Raleigh students get sneak peek at new race exhibit
Posted April 20
Raleigh, N.C. — A lot is made of what separates us – religion, political party, skin color. The lesson of a new exhibit at the North Carolina Museum of Sciences is about similarities, and on Thursday, eighth graders from Exploris Middle School got an advance peek.
They were guests at the premiere of the museum's new traveling exhibit, "RACE: Are we so different?"
"I think that people will leave this exhibit with more empathy for one another," said Wendy Lovelady, senior exhibit developer.
Jessalyn Barton and other students found plenty to learn, and they explored the wrongheaded lessons of the past.
"It says that doctors used to say if you were a race you were your own species," Jessalyn said.
Lovelady showed the students that "the idea that skull size somehow correlates to intelligence" was not debunked until 1981.
The exhibit demonstrates many ways science was twisted to justify something like the purging of land from Native Americans.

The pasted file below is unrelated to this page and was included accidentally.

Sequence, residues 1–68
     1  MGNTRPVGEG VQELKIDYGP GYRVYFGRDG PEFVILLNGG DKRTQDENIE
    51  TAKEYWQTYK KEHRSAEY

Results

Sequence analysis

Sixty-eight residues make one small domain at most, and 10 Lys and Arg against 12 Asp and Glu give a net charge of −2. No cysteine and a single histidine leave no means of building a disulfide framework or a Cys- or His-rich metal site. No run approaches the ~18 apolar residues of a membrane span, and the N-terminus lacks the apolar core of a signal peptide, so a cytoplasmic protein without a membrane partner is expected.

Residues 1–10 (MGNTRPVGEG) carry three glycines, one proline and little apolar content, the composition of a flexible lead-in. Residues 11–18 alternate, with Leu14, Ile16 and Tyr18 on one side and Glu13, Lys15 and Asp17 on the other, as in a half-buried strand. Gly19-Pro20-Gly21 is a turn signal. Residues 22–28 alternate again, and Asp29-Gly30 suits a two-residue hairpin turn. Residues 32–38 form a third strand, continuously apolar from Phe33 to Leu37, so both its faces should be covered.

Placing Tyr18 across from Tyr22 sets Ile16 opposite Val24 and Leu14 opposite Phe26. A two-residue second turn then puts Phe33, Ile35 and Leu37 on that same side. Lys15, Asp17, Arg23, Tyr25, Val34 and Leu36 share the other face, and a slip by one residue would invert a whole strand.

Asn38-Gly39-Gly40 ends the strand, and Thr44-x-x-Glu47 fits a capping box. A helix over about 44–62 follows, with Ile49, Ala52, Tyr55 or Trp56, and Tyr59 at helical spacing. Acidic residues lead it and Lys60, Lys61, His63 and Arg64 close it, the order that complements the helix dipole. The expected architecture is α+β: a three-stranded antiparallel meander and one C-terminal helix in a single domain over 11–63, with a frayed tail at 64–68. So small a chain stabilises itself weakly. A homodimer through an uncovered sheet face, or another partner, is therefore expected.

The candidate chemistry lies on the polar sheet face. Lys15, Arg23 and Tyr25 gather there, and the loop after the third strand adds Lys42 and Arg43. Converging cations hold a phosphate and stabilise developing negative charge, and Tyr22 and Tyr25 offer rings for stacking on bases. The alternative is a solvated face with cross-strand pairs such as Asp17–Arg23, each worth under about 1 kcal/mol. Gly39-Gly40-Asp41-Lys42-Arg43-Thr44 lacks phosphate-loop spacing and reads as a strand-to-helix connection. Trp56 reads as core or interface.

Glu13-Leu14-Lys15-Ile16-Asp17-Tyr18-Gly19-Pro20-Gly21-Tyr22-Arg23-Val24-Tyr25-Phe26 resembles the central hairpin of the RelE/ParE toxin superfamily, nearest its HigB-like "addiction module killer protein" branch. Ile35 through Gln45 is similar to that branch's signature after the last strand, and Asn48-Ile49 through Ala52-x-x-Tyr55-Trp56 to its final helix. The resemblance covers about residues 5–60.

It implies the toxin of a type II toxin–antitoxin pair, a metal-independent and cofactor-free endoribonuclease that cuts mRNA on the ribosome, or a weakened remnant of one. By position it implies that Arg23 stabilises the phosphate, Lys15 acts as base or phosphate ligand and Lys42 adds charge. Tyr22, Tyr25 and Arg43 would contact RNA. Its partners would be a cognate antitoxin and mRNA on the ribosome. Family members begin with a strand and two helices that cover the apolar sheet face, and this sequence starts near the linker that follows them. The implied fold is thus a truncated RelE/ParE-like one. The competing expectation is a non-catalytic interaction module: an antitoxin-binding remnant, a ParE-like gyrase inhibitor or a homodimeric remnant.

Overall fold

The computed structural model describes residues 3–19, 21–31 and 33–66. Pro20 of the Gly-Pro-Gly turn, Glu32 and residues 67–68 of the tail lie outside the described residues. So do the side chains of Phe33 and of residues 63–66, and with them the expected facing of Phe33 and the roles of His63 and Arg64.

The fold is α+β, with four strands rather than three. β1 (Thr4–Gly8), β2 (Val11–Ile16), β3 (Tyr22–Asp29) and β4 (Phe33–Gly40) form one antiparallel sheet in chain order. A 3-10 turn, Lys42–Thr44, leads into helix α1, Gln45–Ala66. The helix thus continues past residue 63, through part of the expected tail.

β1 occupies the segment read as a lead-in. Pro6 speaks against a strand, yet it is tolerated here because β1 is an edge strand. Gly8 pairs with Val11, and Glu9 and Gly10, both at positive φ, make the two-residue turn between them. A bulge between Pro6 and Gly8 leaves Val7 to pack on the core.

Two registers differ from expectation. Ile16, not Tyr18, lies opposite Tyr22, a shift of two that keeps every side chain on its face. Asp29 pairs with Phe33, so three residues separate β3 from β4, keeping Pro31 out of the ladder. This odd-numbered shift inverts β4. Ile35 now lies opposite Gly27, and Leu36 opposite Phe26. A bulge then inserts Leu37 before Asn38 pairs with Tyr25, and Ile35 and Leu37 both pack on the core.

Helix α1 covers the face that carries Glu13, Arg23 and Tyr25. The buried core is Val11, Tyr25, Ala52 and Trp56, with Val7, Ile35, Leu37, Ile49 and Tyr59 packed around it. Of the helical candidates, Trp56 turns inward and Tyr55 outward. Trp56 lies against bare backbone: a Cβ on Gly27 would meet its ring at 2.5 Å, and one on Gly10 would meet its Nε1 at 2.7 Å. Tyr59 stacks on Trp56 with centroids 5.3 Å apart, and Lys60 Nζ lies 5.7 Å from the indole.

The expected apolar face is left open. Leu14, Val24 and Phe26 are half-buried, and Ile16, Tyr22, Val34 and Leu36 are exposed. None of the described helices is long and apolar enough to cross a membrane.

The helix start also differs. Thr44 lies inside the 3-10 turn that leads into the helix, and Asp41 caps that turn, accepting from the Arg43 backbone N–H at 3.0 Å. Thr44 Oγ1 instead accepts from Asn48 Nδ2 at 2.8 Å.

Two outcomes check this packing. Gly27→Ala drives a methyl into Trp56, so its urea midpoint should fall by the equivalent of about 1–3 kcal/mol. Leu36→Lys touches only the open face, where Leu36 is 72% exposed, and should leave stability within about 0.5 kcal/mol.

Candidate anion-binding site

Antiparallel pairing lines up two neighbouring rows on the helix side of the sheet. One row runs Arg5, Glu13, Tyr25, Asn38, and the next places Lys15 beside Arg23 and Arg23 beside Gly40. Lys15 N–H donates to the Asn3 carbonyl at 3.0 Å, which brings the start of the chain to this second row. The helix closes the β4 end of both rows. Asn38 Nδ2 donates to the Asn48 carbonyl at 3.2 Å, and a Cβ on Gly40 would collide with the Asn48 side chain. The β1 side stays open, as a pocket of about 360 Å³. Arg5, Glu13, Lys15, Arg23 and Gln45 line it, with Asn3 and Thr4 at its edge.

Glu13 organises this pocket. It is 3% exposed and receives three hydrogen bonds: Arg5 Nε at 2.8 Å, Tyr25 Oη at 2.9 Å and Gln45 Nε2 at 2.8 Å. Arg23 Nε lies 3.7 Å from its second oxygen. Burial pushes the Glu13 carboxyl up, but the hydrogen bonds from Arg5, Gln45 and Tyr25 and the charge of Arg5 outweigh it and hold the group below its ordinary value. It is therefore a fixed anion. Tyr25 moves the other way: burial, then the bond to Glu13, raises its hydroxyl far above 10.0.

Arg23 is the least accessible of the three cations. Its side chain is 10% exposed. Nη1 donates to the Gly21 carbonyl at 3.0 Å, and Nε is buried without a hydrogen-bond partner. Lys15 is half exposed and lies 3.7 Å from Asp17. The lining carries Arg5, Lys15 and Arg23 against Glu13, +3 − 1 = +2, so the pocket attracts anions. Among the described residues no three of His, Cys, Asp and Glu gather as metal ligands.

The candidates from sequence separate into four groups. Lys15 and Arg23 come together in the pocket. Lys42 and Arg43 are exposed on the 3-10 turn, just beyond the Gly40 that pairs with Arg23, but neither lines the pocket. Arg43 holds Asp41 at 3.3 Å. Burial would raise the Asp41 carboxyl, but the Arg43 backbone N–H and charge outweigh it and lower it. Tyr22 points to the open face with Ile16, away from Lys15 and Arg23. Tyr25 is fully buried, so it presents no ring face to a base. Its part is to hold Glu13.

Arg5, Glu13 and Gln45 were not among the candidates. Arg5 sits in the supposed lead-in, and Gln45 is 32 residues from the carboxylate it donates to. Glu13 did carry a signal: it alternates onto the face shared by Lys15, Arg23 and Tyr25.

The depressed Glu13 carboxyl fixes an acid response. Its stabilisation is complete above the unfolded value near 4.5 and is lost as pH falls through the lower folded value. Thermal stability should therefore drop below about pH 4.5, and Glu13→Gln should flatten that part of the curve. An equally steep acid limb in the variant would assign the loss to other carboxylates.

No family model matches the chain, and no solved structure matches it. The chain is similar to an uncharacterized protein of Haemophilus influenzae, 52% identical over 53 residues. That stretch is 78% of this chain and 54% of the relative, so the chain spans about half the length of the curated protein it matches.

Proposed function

Museum officials said the goal isn't to make one race feel bad, it's to open up a dialogue.
"You might feel a little guilty or a little uncomfortable in the beginning, but by the end I think your feelings are transformed into something a lot more positive," Lovelady said.
The exhibit ends with a room, called the Think Space, designed solely for conversation. Inside, visitors are asked to take the "Penny Pledge." They put a penny in next to the statement that reflects a change they might make – such as treating people with respect – and turn that pledge into action in daily life.
The exhibit opens on Saturday, April 22, and runs through Oct. 22. Admission is free, but a ticket is required.